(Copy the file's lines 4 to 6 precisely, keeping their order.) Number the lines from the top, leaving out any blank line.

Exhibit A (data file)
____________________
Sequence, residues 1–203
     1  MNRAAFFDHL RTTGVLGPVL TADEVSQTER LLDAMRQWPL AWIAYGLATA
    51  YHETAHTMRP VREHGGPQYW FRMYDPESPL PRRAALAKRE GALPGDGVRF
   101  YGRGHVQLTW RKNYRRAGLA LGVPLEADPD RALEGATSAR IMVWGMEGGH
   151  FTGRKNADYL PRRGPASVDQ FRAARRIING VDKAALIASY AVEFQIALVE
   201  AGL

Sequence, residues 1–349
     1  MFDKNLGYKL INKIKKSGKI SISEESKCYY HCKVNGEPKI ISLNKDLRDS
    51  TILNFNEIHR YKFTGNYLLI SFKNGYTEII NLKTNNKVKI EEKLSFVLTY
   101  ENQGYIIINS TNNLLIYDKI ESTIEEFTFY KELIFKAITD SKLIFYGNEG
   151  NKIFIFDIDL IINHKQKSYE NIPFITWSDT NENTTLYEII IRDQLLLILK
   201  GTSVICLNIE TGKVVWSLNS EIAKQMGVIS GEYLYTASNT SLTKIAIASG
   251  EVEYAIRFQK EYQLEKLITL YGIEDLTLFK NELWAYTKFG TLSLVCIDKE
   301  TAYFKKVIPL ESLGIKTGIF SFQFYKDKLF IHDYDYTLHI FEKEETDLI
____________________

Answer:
   101  YGRGHVQLTW RKNYRRAGLA LGVPLEADPD RALEGATSAR IMVWGMEGGH
   151  FTGRKNADYL PRRGPASVDQ FRAARRIING VDKAALIASY AVEFQIALVE
   201  AGL